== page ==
A newly completed project on a tributary of the Nooksack River is improving life for both salmon and farmers. Salmon will again be able to spawn in Duffner Ditch, thanks to a state-of-the-art fish-friendly floodgate, which replaced an older, inefficient floodgate that was minimizing salmon habitat. The old floodgate was also leaving a lot of sitting water on top of farmland for longer than it needed to. Executive Director of Whatcom County Farmers Fred Likkel called the project a “win-win.”
“For the farms, it gets the water off the field quicker. For the salmon, it provides not just a place of refuge if there’s a flood event but it also is now opening up this (creek) to multiple miles of salmon habitat which weren’t there before.”
The project was also sorely needed Likkel pointed out, as increased flooding has been reported in the area. Farmers supplied land and support for the project. Crews were forced to redirect the stream’s water while the floodgate was installed. The over half a million dollar project was a product of local farmers, Whatcom County, NRCS, the Whatcom County Conservation District and other partners.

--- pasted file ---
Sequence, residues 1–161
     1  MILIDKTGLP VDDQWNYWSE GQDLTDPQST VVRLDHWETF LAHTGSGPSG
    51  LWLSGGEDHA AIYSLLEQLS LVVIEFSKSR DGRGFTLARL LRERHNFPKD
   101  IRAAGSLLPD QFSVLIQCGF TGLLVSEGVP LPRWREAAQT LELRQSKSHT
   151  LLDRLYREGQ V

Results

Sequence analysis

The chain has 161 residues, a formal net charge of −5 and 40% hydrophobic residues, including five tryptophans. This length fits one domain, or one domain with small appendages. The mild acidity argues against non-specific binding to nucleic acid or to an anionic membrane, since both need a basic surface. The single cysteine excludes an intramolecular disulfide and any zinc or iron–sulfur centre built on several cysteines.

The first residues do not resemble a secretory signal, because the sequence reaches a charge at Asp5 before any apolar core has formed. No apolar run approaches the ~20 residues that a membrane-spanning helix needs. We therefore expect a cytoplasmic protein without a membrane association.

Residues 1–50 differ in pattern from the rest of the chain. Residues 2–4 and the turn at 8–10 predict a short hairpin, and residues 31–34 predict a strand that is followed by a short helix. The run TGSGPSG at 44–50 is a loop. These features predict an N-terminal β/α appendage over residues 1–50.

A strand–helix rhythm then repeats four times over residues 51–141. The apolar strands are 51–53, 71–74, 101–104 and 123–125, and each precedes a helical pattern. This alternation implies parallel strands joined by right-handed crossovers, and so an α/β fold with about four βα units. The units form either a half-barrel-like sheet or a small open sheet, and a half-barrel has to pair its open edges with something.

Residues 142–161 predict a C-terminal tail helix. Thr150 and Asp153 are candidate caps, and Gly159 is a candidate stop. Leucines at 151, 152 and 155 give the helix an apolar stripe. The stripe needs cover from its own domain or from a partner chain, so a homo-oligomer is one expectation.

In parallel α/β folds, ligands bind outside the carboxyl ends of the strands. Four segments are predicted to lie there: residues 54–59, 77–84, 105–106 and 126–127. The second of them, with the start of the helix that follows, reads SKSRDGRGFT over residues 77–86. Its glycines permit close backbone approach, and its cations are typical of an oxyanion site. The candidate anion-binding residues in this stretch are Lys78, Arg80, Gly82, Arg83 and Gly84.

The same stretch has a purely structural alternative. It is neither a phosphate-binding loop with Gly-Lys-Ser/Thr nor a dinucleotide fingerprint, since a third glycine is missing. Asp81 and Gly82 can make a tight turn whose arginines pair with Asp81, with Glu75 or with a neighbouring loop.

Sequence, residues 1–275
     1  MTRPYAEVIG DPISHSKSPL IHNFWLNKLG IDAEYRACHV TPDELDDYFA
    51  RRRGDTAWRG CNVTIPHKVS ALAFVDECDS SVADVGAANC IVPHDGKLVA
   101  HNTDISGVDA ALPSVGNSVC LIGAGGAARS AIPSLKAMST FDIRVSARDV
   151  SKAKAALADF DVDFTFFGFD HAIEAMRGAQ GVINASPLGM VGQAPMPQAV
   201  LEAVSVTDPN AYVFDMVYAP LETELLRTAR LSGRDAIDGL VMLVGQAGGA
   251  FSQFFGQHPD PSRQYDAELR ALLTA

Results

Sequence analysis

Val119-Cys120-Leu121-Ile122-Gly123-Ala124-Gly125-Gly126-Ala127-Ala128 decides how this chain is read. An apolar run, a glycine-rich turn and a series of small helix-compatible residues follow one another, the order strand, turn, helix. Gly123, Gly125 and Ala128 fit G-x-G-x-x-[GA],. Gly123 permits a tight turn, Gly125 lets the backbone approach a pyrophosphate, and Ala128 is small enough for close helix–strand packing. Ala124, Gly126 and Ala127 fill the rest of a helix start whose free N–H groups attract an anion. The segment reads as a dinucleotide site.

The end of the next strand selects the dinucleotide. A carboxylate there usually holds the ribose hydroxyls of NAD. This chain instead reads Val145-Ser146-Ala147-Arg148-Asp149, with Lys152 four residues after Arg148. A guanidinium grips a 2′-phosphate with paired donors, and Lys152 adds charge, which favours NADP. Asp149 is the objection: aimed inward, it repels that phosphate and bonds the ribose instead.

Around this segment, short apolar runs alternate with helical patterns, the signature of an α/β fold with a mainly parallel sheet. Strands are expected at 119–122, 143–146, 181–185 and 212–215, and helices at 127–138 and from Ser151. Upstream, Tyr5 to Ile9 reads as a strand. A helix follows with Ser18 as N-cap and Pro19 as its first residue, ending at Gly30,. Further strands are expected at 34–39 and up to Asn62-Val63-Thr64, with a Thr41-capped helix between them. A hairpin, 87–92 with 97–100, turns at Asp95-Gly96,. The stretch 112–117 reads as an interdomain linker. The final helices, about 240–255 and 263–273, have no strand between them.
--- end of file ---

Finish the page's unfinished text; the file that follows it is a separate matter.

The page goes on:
“I think it’s really important to note that the farming community cares very passionately about the environment too,” Likkel continued. “They want to be able to see salmon survive just as much as everybody else does. So to be able to help out and provide additional salmon habitat, places for salmon to thrive, is something that is going to make the farming community feel pretty good.”
A similar project is also happening a little upriver in the Cougar Creek area. The district is also looking a couple of ways to improve depleted stream flows in the late summer. One idea involves moving irrigation withdrawals from streams to groundwater. The other concept is a little more direct, with water being pulled directly from the area’s plentiful aquifer to augment stream flows.
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